tv Quadriga - The International Talk Show LINKTV April 24, 2016 2:30pm-3:01pm PDT
>> is islam a religion of peace or a jihadist ideology? theus -- theus a question provoking sharp questions here in germany. it says that unlike christianity or judaism islam pose as threat to democracy. at first glance developments in the arab world might be seen as supporting the claim for popular movements there have largely been stifled.
how combatable are islam and democracy that's what we want to talk about on "quadriga" with woodland kramer. she sa it dends on w slims understand and live islam. muslims can be good democrats. and tip bauer is a political scientist and an expert on islam. she says the recourse to religion is often used to coverup simple power interests. this is true for islam and other religions as well. and bill posner. he says being religious means serving god before the state and in this case islam is no different from buddhism and christianity. let's begin by taking a look at what's driving the a.s.d. it won quite a bit of support in regional elections with its anti-migration stance. so this this latest turn simply
a faurter refinement of that zeno phobia? >> i think so to an extent. it's a shift of focus because the majority of refugees that have come into the country the past few years are of muslim creed and religion. but i think they also feed into a widespread feeling of unease and possibly even a sense of threat among segments of the population and they're constantly feeding into it. i think adding to a very, very problematic atmosphere in the country. posner he fact is ellen that the number of migrants have been falling since some of the initiatives that have been taken by the government. is this a desperate ploy on the part of the a.s.d. to stay in the headlines? >> no. it's -- what they realize is the more radical they get the more they tap into the vast number of
people who haven't voted, who don't vote, who are dissatisfied with the system as a whole. nd they take xenophobia, islamophobia as an event for the whole parliamentary system. so saying that islam is somehow undemocratic is like caling the kettle black because what the a.s.d. is after is attacking the whole parliamentary system as nonrepresentative of what the people really think. >> populace pears everywhere at the moment are in revolt against what they call political correctness. is that part of what this anti-islam talk from the a.f.d. is about? >> some -- somewhat, yes. because the political correctness was for example used last year when there was a million refugees pouring into germany. so what they see is that -- that there's nobody who is really
descending occidental interests or the interests of germany, the right wing and those on the extreme right and what they say is they want to create a picture which is to say the islams they are too soft and they are avoiding germany to develop and to have the strength what they shall have in the world. >> polls this week showed the a.s.d. with record numbers if an election were to be held this coming weekend. the a.s.d. would get 13.5% of the national vote. that's only about six percentage points less than the junior partner in the governing coalition the governing democrats. that puts them with the greens and kramer. does that mean people like to new message of anti-islam? >> it's very difficult to say. i would come back to this word a term, rather, of unease and
lateened sense of threat among people who would not vote right-wing if they were at the polling station, i would argue some of yes, it's expressive of a wider sense but it's also a conscious urge to push people further in this direction. i would say that we're not yet at the polling station. we'll see what comes over the next few months and of course, the other parties they are active trying to shift the focus of attention to other issues. so as to sort of take off some of the weight that's been put recently on the question of immigration and cultural cohesiveness and authenticity. identity politics are truly interesting. of course, we also have to look at the contra dictions between depicting german values on the one hand and this claim that be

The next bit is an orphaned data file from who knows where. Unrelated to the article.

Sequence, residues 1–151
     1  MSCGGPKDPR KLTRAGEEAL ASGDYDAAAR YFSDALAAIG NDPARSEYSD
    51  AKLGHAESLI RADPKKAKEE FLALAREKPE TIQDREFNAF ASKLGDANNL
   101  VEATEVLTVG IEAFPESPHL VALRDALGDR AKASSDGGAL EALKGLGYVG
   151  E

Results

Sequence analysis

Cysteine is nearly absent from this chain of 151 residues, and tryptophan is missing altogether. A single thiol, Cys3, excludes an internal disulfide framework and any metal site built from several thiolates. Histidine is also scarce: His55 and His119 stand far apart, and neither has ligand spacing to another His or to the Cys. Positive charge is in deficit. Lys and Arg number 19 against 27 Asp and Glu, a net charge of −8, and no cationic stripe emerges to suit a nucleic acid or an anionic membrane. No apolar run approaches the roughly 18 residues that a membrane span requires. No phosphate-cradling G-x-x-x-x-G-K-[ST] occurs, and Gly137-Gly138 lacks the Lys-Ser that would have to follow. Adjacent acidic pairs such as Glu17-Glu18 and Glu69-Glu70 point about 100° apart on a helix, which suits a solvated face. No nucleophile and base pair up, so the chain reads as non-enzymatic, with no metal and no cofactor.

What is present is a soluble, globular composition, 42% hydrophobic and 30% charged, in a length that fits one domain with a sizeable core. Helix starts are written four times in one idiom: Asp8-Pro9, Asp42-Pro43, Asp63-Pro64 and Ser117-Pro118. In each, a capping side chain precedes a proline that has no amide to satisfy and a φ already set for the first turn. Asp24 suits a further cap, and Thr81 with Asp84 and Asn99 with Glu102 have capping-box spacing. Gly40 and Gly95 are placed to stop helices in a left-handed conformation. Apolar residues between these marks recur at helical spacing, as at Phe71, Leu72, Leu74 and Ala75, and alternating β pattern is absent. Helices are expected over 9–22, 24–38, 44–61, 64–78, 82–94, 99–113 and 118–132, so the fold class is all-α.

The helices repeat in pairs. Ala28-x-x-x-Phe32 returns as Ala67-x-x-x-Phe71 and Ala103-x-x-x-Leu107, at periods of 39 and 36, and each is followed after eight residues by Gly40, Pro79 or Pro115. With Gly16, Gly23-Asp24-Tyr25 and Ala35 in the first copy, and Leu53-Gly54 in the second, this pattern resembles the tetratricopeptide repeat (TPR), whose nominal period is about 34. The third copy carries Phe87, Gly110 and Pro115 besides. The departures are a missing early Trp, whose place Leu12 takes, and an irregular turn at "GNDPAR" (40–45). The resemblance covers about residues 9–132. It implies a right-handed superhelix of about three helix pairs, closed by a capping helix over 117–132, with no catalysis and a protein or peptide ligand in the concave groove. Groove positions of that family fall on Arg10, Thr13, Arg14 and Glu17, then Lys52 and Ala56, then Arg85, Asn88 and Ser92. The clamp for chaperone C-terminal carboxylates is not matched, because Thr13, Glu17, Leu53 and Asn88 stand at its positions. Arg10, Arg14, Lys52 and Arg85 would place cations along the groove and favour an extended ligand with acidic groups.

true to -- true western values that the a.s.d. is putting forth. points?it win is it winning points with this talk? >> it is and it will. it's happening all over europe. and it happened in the 1920's and 1930's. you know, this is what you do. you mobilize people's unease. you turn it into angle. you direct that angle against a part of the population. be it jews, be it muslims, be it whatever. it's says to say it's different and not they're the same as us as you use it for political ends. t works in poland for mr. ka chinsky. it worked in the 30's for mr. hitler. and so this is -- this is just -- it's bad.
it'ser visit. -- it's evil. and evil works. >> the head of germany compare this is talk on the a.s.d. on the part of naziism? >> i think this might be a little bit exaggerated regarding the die mention which it has -- dimension which is coming out right now in germany. it's something that we haven't seen in 40, 50 years. i think we see a part of the ciety coming up and having a weight inside society which they did not have before. maybe because they didn't speak out like you said because they didn't vote. i think there's something else. i think there's -- like a feeling of parts of the germans right now that they don't understand the world anymore, that it's not the world they
used to know. it has become more complicated. germany has taken a lot, a lot of years to understand that it's a migration country especially he right part of the conservative part of the population tries to deny that and say they will go back. now is the point where they have to recognize there are many people coming from outside and the difference of religion or maybe a different culture and they come here to stay. and so i think what's going on right now is a lack of capacity to a changing situation and to understand that in the globalized world things are different and germany is different. >> that's a detailed description of the unease that you talk about, professor kramer. do political elites get that? they have roundly condemned these statements by the a.s.d.